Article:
Hongdae, Gangnam, Itaewon - these are the where the majority of foreigners would like to spend their weekends drinking and relaxing. However, sometimes the best places are literally right in your neighborhood. Although many people do not know about Cheonho, if you you decide to teach English in Korea and are placed in this neighborhood, here are the top nightlife attractions in Cheonho to dine, drink and unwind.Read More
Teachers Share their Experiences While Living Abroad!
Tags: Teach Abroad, what to do on the weekend, what to do in korea, drinking, self bar, partying in Seoul, karaoke, teacher, noraebang, Teach in Seoul, Korean dish, korean neighborhood, Cheonho, Gangdong, Korean food, korean bars
Many of my Korean friends say that I am an ‘honorary Korean’ who doesn’t know a lot of Korean. Living in Korea for the past three years, I have seen a lot, learned a lot and experienced a lot to the point that I have started to feel like I have been immersed and assimilated into the Korean culture. The Korean people have a great culture and if you live and work here, you have to try out. One of my favorite Korean pastimes is the company party or the ‘회식’. I am lucky to be part of the ChungDahm branch that I am in because we have a company party every few months (Thanks Boss!).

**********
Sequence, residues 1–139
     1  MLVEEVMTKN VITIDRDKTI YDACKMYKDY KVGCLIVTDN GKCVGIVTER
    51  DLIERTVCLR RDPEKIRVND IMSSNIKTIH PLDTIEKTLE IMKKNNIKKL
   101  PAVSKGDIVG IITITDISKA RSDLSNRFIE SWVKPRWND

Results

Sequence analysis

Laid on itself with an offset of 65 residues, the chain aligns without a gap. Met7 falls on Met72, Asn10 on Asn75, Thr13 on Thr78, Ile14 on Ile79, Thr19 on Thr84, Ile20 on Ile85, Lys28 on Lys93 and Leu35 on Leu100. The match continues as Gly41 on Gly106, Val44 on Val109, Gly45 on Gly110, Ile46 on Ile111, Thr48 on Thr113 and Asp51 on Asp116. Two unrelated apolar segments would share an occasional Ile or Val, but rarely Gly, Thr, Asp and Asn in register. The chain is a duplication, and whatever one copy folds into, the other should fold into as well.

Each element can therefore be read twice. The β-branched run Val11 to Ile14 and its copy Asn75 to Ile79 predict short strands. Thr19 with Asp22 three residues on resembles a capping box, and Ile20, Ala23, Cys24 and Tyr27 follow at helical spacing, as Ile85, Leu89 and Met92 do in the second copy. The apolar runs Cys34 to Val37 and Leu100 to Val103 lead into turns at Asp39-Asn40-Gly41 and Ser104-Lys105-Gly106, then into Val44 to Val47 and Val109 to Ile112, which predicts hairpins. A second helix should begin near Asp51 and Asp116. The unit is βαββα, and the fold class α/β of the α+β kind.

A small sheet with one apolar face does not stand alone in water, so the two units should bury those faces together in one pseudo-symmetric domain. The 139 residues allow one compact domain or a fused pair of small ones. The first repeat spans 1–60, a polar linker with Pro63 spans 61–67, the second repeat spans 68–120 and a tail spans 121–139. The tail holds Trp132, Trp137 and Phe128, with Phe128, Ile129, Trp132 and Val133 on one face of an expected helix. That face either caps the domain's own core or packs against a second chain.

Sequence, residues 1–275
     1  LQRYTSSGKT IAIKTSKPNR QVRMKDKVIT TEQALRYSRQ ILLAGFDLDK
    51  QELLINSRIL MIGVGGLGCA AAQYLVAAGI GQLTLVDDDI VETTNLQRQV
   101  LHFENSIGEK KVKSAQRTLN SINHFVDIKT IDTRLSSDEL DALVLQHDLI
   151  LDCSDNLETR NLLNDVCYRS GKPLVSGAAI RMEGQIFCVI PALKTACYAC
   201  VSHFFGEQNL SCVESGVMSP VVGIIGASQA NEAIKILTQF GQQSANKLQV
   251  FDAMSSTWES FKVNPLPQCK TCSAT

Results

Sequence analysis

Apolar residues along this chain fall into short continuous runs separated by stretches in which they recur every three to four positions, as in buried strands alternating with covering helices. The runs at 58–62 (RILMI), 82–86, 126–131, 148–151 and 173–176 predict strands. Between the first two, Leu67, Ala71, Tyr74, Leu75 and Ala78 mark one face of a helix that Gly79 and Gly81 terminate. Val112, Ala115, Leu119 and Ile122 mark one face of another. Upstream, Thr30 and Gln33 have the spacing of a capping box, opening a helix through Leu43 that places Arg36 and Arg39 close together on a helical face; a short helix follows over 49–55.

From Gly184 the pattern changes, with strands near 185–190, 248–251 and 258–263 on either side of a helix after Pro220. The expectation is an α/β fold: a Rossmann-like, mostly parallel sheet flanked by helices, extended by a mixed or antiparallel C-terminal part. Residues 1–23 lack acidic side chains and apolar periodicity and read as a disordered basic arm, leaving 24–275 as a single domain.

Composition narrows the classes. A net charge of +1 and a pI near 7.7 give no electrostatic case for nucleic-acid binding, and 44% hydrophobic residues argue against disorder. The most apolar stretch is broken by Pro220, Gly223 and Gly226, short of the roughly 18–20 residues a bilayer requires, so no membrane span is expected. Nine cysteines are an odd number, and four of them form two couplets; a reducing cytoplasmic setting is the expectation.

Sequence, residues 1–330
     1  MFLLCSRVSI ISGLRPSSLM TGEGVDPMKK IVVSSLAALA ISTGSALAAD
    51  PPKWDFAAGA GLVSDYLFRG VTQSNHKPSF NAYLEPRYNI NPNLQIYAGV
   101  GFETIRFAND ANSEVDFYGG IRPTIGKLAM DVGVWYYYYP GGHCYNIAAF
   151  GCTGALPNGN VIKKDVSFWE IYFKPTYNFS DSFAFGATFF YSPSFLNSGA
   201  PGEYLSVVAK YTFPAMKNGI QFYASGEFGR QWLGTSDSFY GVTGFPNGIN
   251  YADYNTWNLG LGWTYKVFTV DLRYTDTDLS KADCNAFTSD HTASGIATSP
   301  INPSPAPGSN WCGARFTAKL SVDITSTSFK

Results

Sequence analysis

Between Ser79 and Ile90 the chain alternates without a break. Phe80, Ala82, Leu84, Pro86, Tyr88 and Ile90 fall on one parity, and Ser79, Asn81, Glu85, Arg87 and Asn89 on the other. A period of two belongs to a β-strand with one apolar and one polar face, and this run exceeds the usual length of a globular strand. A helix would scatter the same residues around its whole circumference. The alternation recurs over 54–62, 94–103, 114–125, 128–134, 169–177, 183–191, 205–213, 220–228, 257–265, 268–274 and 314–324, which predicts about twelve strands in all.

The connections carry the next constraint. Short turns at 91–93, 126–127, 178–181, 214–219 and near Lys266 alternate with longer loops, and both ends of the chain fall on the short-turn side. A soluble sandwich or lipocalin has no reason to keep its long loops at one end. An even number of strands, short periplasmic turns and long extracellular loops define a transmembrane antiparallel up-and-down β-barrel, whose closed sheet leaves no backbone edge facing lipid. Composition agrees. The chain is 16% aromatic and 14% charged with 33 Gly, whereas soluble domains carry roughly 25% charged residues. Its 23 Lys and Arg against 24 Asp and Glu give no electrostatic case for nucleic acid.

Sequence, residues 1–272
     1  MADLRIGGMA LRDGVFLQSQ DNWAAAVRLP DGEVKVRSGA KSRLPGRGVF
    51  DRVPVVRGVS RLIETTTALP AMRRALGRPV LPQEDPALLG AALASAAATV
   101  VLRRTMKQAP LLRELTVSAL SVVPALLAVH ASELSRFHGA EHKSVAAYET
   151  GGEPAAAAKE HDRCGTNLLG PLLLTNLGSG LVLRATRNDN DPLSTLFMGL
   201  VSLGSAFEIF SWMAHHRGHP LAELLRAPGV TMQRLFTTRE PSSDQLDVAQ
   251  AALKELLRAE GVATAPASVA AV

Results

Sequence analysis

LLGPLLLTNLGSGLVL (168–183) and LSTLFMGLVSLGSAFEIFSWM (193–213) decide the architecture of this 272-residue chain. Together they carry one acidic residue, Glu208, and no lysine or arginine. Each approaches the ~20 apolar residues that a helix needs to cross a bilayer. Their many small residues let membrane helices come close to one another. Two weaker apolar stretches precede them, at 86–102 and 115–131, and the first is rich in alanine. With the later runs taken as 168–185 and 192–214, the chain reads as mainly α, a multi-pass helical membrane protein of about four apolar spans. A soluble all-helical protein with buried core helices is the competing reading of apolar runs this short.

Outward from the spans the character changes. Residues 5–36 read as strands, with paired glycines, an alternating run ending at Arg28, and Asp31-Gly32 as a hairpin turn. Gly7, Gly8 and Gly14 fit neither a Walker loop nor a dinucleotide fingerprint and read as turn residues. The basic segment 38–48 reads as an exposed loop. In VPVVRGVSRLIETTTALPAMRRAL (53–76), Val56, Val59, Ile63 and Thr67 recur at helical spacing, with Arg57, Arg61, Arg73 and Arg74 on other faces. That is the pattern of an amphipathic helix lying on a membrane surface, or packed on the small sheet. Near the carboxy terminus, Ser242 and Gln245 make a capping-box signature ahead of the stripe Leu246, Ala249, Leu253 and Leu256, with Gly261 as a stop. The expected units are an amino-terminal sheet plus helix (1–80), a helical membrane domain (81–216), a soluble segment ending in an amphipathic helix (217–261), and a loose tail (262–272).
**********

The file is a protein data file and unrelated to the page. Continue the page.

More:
The word ‘bang’ in Korean (방) is one of the words that most foreigners should know once arriving to Korea. This word means ‘room’ and it can be attached to many different types of places where people can gather and spend their weekends or afternoons. Here are the 4 types of ‘bang’ you should know and some of my favorite ones.
I hate singing. Well, not quite hate... At some point in my childhood, I became utterly convinced that I'm a terrible singer and have therefore dreaded any time when I am asked to sing. Karaoke at bars in the States? No way. I don't mind being ridiculous in front of friends, but I was very skeptical of the infamous Korean norebang. Little did I know it would become one of my favorite weekend activities as an English teacher in Korea.
The very first dinner invitation from my student Kyungju was indeed very special; it’s an experience that I will carry with me after I leave Korea and move onto other pursuits. I believe that I am the envy of many of my coworkers at Chungdahm, although no one willopenly admit it. I’m getting to better know my students family; Kyungju’s Dad works for POSCO, one of the top three companies in Korea and her mom Su-Eun majored in Art in college. Kyunju has a younger sister, 8 years old who is just adorable. Our time together is always very special.
Noraebang (노래방) literally translates to song-room and is the Korean form of Karaoke. Despite it being of Japanese origins, nobody can doubt Korea’s affinity for this pastime. I was sitting in a noraebang in Seoul with a friend this past Sunday afternoon when I realized that these rooms had been a big part of life for me and my foreign friends while teaching English in Korea.